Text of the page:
Call me boring, but as I’ve gotten older, I’ve become tired of taking my dates to bars. Shouting over people just to get to know someone is not my idea of a great time. The funny thing is that as everyone else talks louder, I have to talk louder to compensate. This level of crosstalk creates a vicious feedback loop and does not make for a romantic evening.
Vias are critical features in multilayer PCBs that are used to route connections between board layers. There are a number of potential signal integrity problems that can result from improper use or fabrication of vias. At low frequencies, low speed, or with purely DC circuits, these structures are unlikely to create major signal integrity issues. This is not always the case, and judicious use of vias can help you avoid some signal integrity problems in many PCBs.
Crosstalk is normally discussed in terms of adjacent signal traces. Two traces have the potential to send their signals in each other due to electromagnetic induction. The same effect can occur in adjacent vias. The level of crosstalk increases as vias are placed closer together due to the magnetic field generated by propagating signals. Different via structures have different inductance values depending on their fill material, usage of tenting, and aspect ratio.
This issue with crosstalk applies to both digital and analog signals. In traces, the solution is to route traces as differential pairs, where one trace carries the signal and the other carries the return. Just like with traces, vias can also be routed as differential pairs in multilayer boards. The level of crosstalk reduction depends on the pitch between the via pair.
Placing the via pair closer together results in better noise suppression, albeit at the cost of higher parasitic mutual capacitance between the two vias. This capacitance between vias is important in lower speed circuits, where the rise time of a digital signal, or half the oscillation period of an analog signal, is greater than or equal to about 3 times the line delay across the via.
At lower switching speeds and frequencies, the effective capacitor created by this arrangement has time to charge appreciably and then discharge, resulting in a current spike. Thankfully, in high speed designs, the mutual capacitance between neighboring vias has minor effects and becomes negligible as digital switching speeds increase.
Thus at lower frequencies and switching speeds, it is better to use higher aspect ratio vias that are spaced farther apart to avoid capacitive coupling and unwanted discharge in neighboring vias. At higher frequencies and switching speeds, it is better to opt for placing differential via pairs close together to suppress crosstalk. Other traces that are not routed as differential pairs should be placed farther away from other traces to reduce any induced current.
Via pairs on a PCB
Besides coupling to each other, vias can also couple noise to a power bus or to parallel power and ground planes in a multilayer circuit board. This is another issue that becomes important in high-speed, radio frequency, and high-density PCB design.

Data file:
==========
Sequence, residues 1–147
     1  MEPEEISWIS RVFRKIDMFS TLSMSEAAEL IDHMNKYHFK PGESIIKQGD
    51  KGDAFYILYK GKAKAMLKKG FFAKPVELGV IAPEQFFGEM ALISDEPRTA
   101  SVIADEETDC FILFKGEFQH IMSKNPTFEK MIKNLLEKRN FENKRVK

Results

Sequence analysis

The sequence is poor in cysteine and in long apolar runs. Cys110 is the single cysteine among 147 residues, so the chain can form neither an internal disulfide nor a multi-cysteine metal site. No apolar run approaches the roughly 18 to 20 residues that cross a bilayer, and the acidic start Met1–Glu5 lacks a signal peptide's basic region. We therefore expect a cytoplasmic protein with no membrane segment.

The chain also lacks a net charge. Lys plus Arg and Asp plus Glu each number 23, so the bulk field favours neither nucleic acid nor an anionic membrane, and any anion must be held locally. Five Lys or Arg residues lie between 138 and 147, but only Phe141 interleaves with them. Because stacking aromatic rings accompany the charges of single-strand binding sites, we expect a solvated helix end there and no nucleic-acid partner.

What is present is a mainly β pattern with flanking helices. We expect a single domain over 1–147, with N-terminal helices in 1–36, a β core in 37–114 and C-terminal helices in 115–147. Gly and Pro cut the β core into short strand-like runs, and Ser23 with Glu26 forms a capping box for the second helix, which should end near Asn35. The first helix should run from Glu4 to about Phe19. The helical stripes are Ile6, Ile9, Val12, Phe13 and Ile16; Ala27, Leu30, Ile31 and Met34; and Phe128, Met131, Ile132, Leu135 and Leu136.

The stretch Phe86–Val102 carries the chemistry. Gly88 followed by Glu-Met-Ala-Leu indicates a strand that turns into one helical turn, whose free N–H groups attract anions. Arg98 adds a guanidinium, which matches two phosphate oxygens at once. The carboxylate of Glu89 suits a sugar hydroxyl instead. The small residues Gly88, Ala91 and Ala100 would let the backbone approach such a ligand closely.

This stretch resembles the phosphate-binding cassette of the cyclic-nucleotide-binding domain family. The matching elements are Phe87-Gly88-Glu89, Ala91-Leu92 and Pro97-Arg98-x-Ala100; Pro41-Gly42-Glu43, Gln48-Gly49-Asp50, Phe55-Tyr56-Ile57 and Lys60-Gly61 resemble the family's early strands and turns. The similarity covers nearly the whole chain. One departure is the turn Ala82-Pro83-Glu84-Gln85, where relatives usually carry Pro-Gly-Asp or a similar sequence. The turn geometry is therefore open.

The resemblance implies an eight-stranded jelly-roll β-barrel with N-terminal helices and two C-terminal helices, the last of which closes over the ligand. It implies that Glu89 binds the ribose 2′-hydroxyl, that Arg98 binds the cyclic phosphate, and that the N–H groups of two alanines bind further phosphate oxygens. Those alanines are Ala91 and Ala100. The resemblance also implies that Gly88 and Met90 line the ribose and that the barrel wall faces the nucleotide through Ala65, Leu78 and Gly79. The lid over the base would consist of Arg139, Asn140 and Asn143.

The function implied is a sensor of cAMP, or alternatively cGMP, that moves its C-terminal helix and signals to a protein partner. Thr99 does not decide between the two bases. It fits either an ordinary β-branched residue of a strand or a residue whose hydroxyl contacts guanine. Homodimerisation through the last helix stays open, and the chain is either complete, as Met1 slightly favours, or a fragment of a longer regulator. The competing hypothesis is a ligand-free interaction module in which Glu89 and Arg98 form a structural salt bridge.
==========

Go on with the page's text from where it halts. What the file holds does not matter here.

The power and ground planes in a multi-layer PCB can form a parallel plate waveguide with well-defined signal resonances. Vias carrying signals can excite electromagnetic waves in the power/ground planes when the via passes across this waveguide structure and when the via uses the ground parallel plate as a return path.
The large dimensions of the power and ground planes define a set of resonant frequencies that are rather closely spaced. Depending on the edge termination condition, the effective dielectric constant, and the dimensions of the printed circuit, standing waves appear with multiple resonance frequencies inside the power/ground plane.
This forms a high-impedance return current path for other signals that are referenced to the same ground plane. A resulting impedance mismatch can lead to signal reflection in high-speed/high-frequency circuits and all the signal integrity problems that accompany it. The resonance waves also create yet another source of EMI, and this radiation becomes problematic in high-speed, high-frequency, and low-current multilayer PCBs.
A similar effect occurs in a power bus that is mounted parallel to a ground plane and connected to signal vias. Noise injected in from one via connected to a power bus propagates to the remaining vias on the bus. This is due to the spreading of the excited waveguide modes in the power bus. These injected currents propagate as displacement currents and form standing waves in the power bus. Radiation then couples into other vias and signal layers as EMI.
The resonance and re-radiation effect in power buses can be mitigated by placing the power bus farther away from its reference plane. This reduces coupling between the power and ground elements and increases insertion loss of any noise that happens to couple into the power/ground structure.
Unless your printed circuit is operating at high current, it may be best to ditch the power bus altogether. Alternatively splitting the power plane of a PCB prevents induced noise currents from spreading to other components on the PCB.
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